Step 1 Carefully snap off a leaf from where it's attached to the main stem. The leaf should snap off cleanly and whole. Alternatively, you can cleanly snip a portion of the stem.
AIR/SOIL Leave the cutting or leaf in a well-lit spot for 2-3 days until a callus forms over the end. Once formed you can place straight into soil (callus first) or lie flat on soil. You really don't need to do anything just watch it grow. This is often how succulent babies are formed when turbulent weather knocks off leaves new pups form from fallen leaves.
WATER Place the cutting or leaf in water root submerged in 1cm of water (an old jar or wine bottle is perfect), shielded from the weather but with a fresh airflow. If you are using leaves create a lattice with rubber bands to help them stand vertically.
Step 3 Wait until roots and baby succulents start to form. The roots will look like tiny, pink strands.
Step 4 Once roots grow to 1-2cm remove from water and plant in a pot with drainage holes, filled with succulent potting mix. Water as required.
Where to plant succulents
Succulents enjoy full sun, they will thrive in pots, terrariums and in your garden but can also be planted indoors. Be sure to keep them on a sunny windowsill or well-lit room and check the plant label for ideal growing conditions.
In terms of a vessel, succulents will thrive in just about anything! Make sure the vessel has good drainage, enough room for roots to grow, and opt for a speciality potting mix, often sold as succulent and cacti mix. Don’t stop at pots check out this story on how to grow them in old frames, shells, bowls and other fun spots.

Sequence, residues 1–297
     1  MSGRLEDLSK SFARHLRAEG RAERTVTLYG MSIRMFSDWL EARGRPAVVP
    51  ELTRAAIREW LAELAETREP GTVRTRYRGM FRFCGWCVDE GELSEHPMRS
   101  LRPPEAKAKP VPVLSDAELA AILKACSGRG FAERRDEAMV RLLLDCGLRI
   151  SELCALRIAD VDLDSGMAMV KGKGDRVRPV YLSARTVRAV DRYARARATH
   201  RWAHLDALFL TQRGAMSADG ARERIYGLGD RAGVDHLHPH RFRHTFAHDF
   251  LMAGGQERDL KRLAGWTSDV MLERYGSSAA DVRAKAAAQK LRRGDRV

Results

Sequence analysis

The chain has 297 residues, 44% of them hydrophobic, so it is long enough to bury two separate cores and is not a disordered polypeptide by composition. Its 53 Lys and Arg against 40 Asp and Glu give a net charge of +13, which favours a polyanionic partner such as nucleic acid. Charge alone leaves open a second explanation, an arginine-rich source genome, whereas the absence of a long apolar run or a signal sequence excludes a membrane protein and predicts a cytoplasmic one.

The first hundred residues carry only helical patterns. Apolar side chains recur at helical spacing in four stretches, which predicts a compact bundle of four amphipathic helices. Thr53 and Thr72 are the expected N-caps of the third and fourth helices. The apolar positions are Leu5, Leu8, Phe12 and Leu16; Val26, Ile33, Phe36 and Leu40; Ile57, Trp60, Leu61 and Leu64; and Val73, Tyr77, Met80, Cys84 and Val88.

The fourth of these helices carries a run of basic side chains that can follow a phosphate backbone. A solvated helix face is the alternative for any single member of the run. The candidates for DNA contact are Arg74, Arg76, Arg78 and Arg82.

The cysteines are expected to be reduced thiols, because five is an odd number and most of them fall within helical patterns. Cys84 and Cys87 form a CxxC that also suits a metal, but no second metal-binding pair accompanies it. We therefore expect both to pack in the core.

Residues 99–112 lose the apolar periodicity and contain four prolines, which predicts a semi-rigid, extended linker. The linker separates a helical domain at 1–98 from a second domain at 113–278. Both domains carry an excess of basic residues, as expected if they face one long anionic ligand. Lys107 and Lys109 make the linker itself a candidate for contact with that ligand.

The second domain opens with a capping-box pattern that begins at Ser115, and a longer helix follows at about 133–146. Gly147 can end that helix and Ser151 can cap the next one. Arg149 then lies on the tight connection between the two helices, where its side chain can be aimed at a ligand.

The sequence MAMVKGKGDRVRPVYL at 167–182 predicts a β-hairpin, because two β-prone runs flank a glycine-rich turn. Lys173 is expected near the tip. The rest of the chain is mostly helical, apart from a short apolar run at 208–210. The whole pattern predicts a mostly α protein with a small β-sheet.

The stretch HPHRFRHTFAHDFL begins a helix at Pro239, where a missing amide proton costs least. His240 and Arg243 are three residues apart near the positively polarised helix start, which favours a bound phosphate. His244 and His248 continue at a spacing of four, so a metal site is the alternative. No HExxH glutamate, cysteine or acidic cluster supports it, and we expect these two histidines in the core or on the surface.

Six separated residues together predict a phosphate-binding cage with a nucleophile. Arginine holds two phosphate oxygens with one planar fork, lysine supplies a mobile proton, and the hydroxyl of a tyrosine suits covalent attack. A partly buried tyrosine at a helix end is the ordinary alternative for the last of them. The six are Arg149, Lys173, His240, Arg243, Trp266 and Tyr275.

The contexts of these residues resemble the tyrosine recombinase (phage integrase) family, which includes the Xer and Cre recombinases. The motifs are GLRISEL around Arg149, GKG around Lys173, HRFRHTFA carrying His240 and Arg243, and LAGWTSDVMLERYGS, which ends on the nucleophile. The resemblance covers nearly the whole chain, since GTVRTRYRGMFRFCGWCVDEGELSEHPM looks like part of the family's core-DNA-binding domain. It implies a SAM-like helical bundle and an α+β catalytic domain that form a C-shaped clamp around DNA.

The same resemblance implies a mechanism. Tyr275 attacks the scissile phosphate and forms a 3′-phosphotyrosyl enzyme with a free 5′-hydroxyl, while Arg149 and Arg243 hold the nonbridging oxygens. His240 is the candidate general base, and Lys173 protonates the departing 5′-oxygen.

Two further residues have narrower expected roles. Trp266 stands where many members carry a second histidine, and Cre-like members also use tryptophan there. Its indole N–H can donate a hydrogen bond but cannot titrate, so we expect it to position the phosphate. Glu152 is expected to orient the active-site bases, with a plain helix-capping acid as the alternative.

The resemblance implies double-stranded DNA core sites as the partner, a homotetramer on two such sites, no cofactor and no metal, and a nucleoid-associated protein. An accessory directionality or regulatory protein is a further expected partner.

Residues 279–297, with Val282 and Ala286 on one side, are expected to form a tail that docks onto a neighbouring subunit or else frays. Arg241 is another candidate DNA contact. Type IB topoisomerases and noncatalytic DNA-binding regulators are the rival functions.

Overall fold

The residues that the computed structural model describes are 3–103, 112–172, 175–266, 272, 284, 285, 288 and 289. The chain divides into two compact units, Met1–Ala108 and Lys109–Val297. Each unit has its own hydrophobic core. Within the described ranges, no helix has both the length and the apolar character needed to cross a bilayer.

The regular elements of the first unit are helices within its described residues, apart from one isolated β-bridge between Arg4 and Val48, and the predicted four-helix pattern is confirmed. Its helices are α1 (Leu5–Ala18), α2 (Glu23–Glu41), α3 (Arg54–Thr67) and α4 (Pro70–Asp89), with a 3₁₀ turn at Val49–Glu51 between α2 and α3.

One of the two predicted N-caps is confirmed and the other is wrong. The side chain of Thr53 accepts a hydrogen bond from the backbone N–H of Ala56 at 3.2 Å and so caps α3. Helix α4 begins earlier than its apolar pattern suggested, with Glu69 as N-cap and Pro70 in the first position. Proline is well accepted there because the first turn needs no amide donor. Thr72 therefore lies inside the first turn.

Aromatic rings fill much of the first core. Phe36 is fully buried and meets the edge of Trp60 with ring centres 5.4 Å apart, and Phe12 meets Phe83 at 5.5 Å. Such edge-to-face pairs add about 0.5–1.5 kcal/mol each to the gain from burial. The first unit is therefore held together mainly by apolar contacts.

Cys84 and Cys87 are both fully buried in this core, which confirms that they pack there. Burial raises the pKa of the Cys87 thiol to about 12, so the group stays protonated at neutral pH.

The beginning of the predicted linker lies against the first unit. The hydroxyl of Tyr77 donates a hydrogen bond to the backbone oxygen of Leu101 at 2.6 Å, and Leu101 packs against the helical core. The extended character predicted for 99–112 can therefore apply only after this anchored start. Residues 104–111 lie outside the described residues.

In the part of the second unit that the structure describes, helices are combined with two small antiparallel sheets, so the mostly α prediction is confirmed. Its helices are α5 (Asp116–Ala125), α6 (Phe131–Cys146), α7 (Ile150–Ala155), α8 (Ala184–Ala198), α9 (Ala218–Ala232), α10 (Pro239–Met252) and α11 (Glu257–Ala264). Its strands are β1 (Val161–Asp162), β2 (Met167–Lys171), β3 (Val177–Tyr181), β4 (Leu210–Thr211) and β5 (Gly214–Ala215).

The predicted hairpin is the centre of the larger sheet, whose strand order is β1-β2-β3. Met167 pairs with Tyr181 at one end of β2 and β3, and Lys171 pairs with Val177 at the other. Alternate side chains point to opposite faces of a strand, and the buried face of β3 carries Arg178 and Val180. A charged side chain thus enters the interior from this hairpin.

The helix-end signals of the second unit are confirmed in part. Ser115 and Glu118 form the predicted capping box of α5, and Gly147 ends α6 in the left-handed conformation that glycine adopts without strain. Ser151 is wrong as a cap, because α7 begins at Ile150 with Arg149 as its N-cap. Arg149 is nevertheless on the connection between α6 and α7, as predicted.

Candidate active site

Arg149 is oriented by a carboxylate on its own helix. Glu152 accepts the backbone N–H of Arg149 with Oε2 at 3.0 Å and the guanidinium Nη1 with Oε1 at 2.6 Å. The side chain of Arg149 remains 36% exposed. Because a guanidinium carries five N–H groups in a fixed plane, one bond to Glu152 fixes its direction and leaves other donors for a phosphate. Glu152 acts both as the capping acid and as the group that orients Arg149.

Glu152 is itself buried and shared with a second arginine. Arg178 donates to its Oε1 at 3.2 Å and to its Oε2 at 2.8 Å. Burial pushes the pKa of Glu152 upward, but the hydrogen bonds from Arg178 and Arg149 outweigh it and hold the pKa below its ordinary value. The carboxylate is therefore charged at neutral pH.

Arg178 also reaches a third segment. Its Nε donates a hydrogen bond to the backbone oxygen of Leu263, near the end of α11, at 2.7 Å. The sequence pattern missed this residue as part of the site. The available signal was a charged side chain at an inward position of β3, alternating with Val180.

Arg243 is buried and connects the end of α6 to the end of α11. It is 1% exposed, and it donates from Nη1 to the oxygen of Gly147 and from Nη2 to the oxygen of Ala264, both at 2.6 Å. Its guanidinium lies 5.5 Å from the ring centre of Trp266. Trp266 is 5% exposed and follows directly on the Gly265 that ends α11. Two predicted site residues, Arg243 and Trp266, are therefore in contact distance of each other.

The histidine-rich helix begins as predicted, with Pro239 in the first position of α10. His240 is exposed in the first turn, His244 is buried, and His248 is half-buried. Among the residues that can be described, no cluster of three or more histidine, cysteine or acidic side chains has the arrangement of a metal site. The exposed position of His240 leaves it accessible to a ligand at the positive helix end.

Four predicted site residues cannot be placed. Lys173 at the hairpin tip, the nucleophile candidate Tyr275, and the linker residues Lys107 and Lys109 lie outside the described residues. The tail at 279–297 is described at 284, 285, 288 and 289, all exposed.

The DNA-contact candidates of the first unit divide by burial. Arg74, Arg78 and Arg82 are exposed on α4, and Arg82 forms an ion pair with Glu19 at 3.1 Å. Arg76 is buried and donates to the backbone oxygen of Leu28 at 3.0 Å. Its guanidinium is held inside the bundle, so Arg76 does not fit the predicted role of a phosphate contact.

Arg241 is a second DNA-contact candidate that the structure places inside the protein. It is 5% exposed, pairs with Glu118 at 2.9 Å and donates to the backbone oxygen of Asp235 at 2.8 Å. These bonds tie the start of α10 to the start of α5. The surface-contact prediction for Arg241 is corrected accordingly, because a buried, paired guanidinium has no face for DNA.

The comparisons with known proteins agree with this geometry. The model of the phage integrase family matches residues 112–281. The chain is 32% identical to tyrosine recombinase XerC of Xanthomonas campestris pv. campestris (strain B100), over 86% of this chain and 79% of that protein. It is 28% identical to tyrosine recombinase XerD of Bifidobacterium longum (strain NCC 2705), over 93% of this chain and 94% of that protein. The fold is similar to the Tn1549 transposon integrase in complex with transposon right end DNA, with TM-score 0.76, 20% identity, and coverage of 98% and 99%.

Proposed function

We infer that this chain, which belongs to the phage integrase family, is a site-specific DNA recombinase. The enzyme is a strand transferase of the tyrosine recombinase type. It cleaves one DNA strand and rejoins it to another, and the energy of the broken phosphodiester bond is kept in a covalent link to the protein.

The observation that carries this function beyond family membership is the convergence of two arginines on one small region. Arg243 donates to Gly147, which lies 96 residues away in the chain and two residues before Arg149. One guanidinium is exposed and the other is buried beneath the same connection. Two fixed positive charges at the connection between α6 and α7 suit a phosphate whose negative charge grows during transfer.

How often to water succulents
Succulents require very little attention and thrive on neglect. If they're outside they won’t need any special care, rain water is enough to keep them happy. If you have them indoors water every 2-4 weeks.
If your succulent is starting to shrivel and the leaves start to puker (starting at the bottom of the plant) this is a sign of dehydration.
On the other hand, it can be difficult to determine when a plant gets too much water. An overwatered succulent will look “mushy” and the base of the plant will start to blacken.
If you're noticing large gaps on the stem in between the leaves this means your succulent isn’t getting enough light. Move it to a sunnier position.
On the other hand, most succulents can handle direct sunlight but if they become discoloured and their leaves turn red or purple this generally means they've been exposed to too much sun and are sunburnt. Move your succulent to well-lit area that doesn’t have as much direct sun. Unfortunately there's no way to salvage these leaves so you’ll need to prune them off.